Have you noticed that over the last 6 months that your handicap index has increased?
If you have – don’t despair, as in most cases your index is probably just following a trend that occurs every winter, which in this case shows that the average Handicap Index for men has gone up from 13.91 in March to 14.21 in August, and from 20.39 to 20.74 for women.
This trend is due largely to golfers playing less, coupled with less favourable weather and course conditions.
There is some good news in all of this, in that it is likely going to improve again in the summer!
We have asked John Cockayne, the renowned golf journalist and golf professional to contribute to future HNA newsletters, and the following is his introduction.
What’s in a word?
Well, in terms of handicap, wherever you look the definitions are so similar that they can be summarised as follows:
‘a set of conditions, or circumstances that make progress or success difficult’.
Hardly the description intended, one would think, at the time of the first national golf handicap system, which was unveiled in the United Kingdom in 1911.
Much has changed since then, even to the level where the word ‘handicap’ in many situations is no longer considered politically correct, and where disadvantaged, disabled, to name but two options, are considered more appropriate, in relation to people with physical and mental disabilities.
The other aspect in golf with the term ‘handicap’, in its most general sense, is probably a case of perspective, and whether you see your glass being half-empty, or half-full, which will likely depend on the handicap of the player, or players, you are competing against!
For example, if you are an 18-handicap, playing against someone off 4, then it would be fair to say that you are being advantaged, or enabled in terms of this match-up.
Conversely in this same combination, in all probability the lower handicap could consider him or herself to be disadvantaged, especially if the higher handicapper is a having a particularly good day on course – which can happen!
If you are playing against the course itself, i.e., in a medal format or similar, then everyone, irrespective of their handicap, should be able to feel ‘advantaged’, as allowances are being made in their favour against the golf course.
Everyone that is, except for the plus handicap golfers!
One member at Southbroom, on KZN’s South Coast, where I was the head professional for some years in the 1980’s, put it succinctly, when after we had exchanged scorecards on the first tee, and were waiting for the fairway ahead on the first hole to clear, remarked: ‘how does it feel to be 4 over par today, before you have even hit your first tee shot?!’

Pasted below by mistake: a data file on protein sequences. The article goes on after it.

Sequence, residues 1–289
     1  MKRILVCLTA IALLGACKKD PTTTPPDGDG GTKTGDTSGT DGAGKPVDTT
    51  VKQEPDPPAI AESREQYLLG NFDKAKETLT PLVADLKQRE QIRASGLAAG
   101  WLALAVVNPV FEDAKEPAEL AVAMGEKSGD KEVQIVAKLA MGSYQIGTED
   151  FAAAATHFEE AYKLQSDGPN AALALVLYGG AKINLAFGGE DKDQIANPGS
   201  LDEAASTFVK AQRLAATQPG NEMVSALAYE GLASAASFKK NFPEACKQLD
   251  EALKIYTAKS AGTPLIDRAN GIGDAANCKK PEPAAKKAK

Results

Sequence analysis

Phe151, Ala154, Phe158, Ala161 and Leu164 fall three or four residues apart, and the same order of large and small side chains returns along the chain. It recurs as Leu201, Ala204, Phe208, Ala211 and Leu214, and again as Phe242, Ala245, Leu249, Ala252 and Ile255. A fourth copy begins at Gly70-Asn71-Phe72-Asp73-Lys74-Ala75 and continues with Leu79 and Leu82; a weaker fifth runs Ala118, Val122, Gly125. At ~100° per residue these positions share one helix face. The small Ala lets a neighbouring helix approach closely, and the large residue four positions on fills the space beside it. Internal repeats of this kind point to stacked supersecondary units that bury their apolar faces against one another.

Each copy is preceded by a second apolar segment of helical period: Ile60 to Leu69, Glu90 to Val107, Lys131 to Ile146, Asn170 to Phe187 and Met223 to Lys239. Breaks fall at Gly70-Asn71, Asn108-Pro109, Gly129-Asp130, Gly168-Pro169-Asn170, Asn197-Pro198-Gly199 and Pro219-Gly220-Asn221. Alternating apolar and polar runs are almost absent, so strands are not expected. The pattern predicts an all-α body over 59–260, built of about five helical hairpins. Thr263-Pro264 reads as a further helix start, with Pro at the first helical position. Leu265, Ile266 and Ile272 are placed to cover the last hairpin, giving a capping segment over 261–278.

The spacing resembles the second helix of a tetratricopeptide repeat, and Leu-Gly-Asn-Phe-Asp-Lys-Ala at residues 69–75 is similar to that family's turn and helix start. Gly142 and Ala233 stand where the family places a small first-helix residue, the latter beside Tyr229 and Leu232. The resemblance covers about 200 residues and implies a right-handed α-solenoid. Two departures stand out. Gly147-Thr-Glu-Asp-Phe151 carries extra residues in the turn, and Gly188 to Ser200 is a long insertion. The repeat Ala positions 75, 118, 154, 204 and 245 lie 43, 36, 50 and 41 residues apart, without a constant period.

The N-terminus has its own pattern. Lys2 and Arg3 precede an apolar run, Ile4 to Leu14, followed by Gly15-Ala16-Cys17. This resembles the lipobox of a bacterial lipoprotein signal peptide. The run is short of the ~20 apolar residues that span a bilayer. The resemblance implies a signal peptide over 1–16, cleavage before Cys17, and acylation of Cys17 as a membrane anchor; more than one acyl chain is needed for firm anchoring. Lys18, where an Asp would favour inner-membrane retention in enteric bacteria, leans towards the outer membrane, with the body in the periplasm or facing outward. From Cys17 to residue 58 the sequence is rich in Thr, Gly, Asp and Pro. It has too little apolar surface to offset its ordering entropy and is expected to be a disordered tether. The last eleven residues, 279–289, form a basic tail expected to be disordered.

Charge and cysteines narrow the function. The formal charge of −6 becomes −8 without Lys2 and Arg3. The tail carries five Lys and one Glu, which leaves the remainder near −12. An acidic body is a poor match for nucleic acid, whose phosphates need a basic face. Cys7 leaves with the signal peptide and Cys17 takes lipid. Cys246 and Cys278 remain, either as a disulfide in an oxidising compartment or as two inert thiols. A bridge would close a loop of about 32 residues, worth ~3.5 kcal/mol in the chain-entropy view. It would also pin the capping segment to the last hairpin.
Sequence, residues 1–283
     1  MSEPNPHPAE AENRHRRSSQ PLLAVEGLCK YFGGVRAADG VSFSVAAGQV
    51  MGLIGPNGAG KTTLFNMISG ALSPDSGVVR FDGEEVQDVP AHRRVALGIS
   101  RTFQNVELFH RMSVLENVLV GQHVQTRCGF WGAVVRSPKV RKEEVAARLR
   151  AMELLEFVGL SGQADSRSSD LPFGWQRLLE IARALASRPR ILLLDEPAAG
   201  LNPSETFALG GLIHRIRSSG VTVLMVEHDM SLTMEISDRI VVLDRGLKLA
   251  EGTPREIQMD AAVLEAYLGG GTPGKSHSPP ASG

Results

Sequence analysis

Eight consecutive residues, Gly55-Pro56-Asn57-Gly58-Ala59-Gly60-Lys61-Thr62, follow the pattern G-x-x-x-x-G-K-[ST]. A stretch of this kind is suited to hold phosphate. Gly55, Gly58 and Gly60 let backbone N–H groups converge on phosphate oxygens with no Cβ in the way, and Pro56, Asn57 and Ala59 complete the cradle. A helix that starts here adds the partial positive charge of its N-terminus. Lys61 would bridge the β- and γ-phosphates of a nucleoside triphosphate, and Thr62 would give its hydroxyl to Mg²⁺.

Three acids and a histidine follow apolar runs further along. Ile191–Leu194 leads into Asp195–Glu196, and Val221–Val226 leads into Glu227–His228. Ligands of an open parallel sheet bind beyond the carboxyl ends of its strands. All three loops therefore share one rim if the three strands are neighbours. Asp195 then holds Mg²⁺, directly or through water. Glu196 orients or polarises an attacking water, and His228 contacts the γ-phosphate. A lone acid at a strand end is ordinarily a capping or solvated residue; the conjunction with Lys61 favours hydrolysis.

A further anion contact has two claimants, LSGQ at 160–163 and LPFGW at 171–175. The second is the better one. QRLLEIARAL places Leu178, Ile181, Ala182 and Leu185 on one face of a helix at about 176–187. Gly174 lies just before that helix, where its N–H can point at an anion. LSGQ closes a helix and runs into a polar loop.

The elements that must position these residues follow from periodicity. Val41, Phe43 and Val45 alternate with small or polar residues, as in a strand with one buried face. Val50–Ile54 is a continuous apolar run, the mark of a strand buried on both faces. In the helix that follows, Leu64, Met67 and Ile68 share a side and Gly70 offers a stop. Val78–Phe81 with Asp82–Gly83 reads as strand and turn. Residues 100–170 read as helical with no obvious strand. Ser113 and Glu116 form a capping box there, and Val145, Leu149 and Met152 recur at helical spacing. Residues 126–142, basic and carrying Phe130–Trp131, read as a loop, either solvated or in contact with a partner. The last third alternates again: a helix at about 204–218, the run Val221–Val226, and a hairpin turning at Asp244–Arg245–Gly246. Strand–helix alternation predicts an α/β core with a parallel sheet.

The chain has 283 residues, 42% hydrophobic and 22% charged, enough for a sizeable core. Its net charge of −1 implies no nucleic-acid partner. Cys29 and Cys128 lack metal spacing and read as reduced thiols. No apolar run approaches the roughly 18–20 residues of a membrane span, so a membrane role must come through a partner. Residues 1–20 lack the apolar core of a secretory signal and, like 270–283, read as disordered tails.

Excluding this very small niche of ‘elite’ golfers, perhaps the term ‘golf benefit’, might be a more effective description?
Whichever moniker we think might be better, for the basis of this discussion – golf handicap it shall be!
How can we best summarise what a golf handicap is and its purpose?
Perhaps the R&A (Royal & Ancient Golf Club of St Andrews in Scotland and one of golf’s two ruling bodies – the other being the USGA (United States Golf Association) – might shed some light on the matter?
Developed by The R&A and USGA in close co-ordination with existing handicapping authorities, the WHS provides golfers with a consistent measure of playing ability, with handicaps calculated in the same way wherever they are in the world.
OK – so this refers to the system adopted globally in 2020, but is not really enlightening, so perhaps the following summary might be more effective –
A golf handicap is the numerical measure of a golfer’s ability, or potential ability, and is employed to enable players of differing ability levels to compete against each another effectively.
OK – so that it good for players at one club, or in a particular country, but what happens when golfers travel, and how fair is their handicap in a different region or country?
The history of the golf handicap shows that the rules governing handicap systems, have varied from region to region, with a number of different systems in force around the world.
Because of incompatibilities and difficulties in comparing handicaps equitably between the different systems, golf’s governing bodies, the USGA and The R&A, working with the various handicapping authorities, devised a new World Handicap System (WHS), which began its global roll-out in 2020.
Just like your own golf game this is a work in progress! – but the endgame is clear and along with the continuing improvements to the system, it now offers a much more accurate and transparent system, allowing handicaps to become portable globally.
Over the next few issues of the HNA Newsletter, we shall be exploring how the handicapping system has evolved, from its earliest days, into a very ‘clever’ mathematical intervention, which enables all players, whatever their golfing abilities, to compete on a pretty equal terms wherever they go on course together, whether as partners or opponents.
This discussion will be hosted by HNA Newsletter’s new guest editor – John Cockayne.
“I have found the game to be, in all factualness, a universal language wherever I travelled at home or abroad.” – Ben Hogan
The Handicaps Team